Few companies will meet new environmental and safety rules in the month after President Barack Obama’s moratorium on deep-water drilling comes to an end, said Michael Bromwich, director of the U.S. office that oversees offshore oil exploration.
“Even when the moratorium is lifted, you’re not going to see drilling going on the next day or even the next week,” Bromwich, head of the Bureau of Ocean Energy Management, said at a hearing in Washington today. “It’s going to take some time.”
The Obama administration halted drilling in waters deeper than 500 feet (152 meters) after BP’s Macondo well off the Louisiana coast blew out April 20, killing 11 workers and setting off the biggest U.S. oil spill.
Drillers such as Apache Corp. and Exxon Mobil Corp. will face “significant” new requirements, Bromwich told the presidential commission investigating the disaster. It’s unclear how many drillers are prepared to meet the new rules on well design and safety equipment, he said.
The moratorium, which idled 33 rigs, is likely to end before it is set to expire Nov. 30, said William Reilly, co-chairman of the National Commission on the BP Deepwater Horizon Oil Spill and Offshore Drilling, the presidential panel. State officials from the Gulf Coast and industry groups say the ban is costing jobs in a region already suffering from the effects of the spill.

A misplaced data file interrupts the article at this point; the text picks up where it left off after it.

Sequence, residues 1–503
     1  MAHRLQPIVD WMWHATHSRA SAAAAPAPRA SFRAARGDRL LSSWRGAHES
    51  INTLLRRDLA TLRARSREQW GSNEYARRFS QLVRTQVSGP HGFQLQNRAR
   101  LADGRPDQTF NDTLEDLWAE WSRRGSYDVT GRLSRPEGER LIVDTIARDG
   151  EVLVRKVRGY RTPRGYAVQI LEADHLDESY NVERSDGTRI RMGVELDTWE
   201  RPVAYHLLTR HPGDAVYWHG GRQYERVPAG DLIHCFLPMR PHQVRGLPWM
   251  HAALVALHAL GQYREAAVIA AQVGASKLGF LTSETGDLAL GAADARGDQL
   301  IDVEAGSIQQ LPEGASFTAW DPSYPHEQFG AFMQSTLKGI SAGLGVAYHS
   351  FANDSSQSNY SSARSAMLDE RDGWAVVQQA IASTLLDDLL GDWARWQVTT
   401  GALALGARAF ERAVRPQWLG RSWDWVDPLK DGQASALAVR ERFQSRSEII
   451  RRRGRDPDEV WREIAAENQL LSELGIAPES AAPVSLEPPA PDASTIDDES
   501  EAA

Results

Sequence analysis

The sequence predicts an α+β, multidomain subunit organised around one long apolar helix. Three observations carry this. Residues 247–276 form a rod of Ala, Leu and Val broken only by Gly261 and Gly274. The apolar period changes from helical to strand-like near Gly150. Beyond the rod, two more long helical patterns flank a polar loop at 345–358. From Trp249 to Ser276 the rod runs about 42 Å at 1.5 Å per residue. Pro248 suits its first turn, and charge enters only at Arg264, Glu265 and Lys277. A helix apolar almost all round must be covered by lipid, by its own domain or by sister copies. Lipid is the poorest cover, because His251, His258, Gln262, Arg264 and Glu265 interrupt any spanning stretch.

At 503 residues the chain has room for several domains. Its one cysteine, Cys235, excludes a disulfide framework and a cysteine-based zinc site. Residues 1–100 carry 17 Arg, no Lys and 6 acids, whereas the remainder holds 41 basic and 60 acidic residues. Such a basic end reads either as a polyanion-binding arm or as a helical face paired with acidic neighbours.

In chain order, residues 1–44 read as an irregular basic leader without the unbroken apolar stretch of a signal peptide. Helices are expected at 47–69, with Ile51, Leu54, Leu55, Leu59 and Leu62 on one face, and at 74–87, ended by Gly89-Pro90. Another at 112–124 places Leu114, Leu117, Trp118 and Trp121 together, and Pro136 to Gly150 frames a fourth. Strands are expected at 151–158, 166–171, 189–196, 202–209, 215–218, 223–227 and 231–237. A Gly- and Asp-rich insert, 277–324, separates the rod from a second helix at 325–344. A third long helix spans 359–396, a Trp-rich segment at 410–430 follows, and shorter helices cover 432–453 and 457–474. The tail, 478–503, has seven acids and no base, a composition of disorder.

“I’ll be amazed if the moratorium is not lifted before Nov. 30,” Reilly said today in an interview on Bloomberg Television. It’s unclear “why it’s taking so long” to restart deep-water drilling, he said.
Report to Salazar
Bromwich has concluded a series of public meetings on the moratorium and said he will present his findings to Interior Secretary Ken Salazar this week. Also this week, the bureau expects to release two new rules, one of which will “impose a significant number of mostly technical requirements,” Bromwich said. Those are in addition to regulations issued in June.
Anticipating the end of the moratorium, which went into effect at the end of May, the bureau is also reassigning staff to deal with a spate of applications for drilling permits, Bromwich said.
“We are stretched, but we also need to adjust to the new realities,” Bromwich said. “We will have a significant number of additional people who will be dealing with both shallow-water permits that are pending and the deep-water drilling applications that we can fairly anticipate.”
Louisiana officials such as U.S. Senator Mary Landrieu, a Democrat, and Republican Governor Bobby Jindal, have called for an end to the drilling ban. Last week, Landrieu said she will block Senate action on Obama’s nomination of Jack Lew to lead the White House budget office until the administration lifts or “significantly” modifies the moratorium.
The ban is having a “devastating impact on the economy of the Gulf Coast,” she wrote in a letter to Senate Majority Leader Harry Reid, a Nevada Democrat. “I have done everything within my power to get this administration’s attention. But the policy remains in effect and Louisiana’s economy continues to suffer.”
Landrieu is scheduled to appear before the spill commission tomorrow.